John (john.zhaoying)

Resident Since: 2006-12-14 (16 years, 11 months ago)

I worked more or less full time in Second Life from the end of 2006 to 2014 or so. As digital Editor in Chief of Dr. Dobb's Journal of Software Engineering (CMP Media), I used SL to build infrastructure for and conduct business-to-business and professional events, including two Life 2.0 Summits. Later, as Executive Director of the ZiffDavis Enterprise Internet and Community Laboratory, I did tons of simulcast SL video events for IBM SmarterTechnology and 'this and that' for other corporate players, while that was all still cool.

Once the penises started really flying around, that was no longer viable, so I went and did cloud computing and other kinds of software engineering and communications. Many such cases.

I've been waiting for (lol) 'metaverse' to catch on again, and of course, I'm still waiting. I write this on 8/22/23, having once again installed the vanilla SL client, which I'm happy to note actually works without crashing on my late-model AMD gaming system with NVIDIA graphics. And such was not true, six months ago -- neither for the SL client or Firestorm.

However, the platform clearly still stinks. The client still feels like a cross between a Boeing Dreamliner cockpit and World of Warcraft. The world is still sharded into sims and crossing between them still lags and rubberbands, etc., and there's a sense that actually being around people will still make things unpleasant once crowd size grows to mid-double-digits.

The graphics are fine. SL folks of 'my generation' (i.e., the epoch during which we moved from prim-torture to sculpted prims to mesh) were all on about the graphics, and the result was to create technical challenges sufficient to eat up performance improvements as these were slowly engineered into the platform. And the result of that was that SL was never able to make a transition to mobile, thin laptops, or otherwise follow the whims of client-side fashion, and thus was never able to scale to interesting numbers or lose the stigma of being 'a game.' As I explained to Phil Rosedale, Cory Ondrejka, Mitch Kapor, and others over the years, I need the ability to create a roughly four-sim total area region that can accommodate 500 avatars in a seamless shared experience with good perimeter and 'onsite' security. (These numbers derived from deliberations with the world's two largest b2b event producers.) And if they can reach 'wow, this is great' for noobs at those minimal scales, we can change the whole world (meaning: we can move thousands of real-world events with huge carbon footprints into this environment and contemplate doing things like 'moving Las Vegas into virtual reality' -- all to the tune of at least tens of billions of dollars annually). But no. We still have rubberbanding and client thrashing and 'OMG where am I, I can't see anything!' and so on.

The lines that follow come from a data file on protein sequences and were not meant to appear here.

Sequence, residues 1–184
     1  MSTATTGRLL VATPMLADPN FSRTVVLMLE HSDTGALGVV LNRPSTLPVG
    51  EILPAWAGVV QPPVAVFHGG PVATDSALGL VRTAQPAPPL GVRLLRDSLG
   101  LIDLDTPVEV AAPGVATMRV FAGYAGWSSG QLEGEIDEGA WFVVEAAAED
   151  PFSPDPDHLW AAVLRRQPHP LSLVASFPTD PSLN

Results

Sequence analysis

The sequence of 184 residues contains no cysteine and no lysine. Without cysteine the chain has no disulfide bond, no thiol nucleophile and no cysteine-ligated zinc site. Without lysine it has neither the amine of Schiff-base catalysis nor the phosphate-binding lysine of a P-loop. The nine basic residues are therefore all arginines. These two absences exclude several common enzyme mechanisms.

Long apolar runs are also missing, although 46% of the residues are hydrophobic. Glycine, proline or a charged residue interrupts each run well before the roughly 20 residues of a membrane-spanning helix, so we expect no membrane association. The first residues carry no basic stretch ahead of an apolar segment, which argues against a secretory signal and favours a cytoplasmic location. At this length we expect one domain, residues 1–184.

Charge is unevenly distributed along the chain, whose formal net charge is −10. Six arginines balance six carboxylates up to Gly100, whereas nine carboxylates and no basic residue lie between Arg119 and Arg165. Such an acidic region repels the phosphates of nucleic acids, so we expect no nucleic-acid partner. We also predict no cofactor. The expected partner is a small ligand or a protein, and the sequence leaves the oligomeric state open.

Peoples' inventiveness? Never falters. I came in, tonight, following a SLURL to a sailboat store, where I bought a new Snipe, and I've been sailing that thing around the scattering of sims in the area, and god damn, it's as close to real sailing (I've raced sailboats for decades in RL) as you can imagine getting in a simulation. The boat is beautiful. Every detail is perfect. The control planes, HUD, popup menus, etc., are all well thought-out (within SL's architectural limitations, anyway). Absolutely first-rate craftspersonship. But OMG you hit a sim boundary and lol -- everything stalls, freeze, camera flies around, OMG OMG, and then we're back (which beats crashing, I guess, but come on). So there's clearly nothing wrong with the creator economy, peoples' technical acuity and artistic vision, or with the toolchains people are using to build assets.

Scale, seamless experience (no WTF moments), and simplicity, folks. Zuckerberg with all his billions hasn't the first idea how to do this. And SL _already knows_. Spend two years NOT evolving the graphics, but instead, just making everything run smoother and faster and bigger. Let's create a simplified client and onboarding process with some reasonable controls and affordances. Integrate the web and video and so on a little better. And we can change the world.

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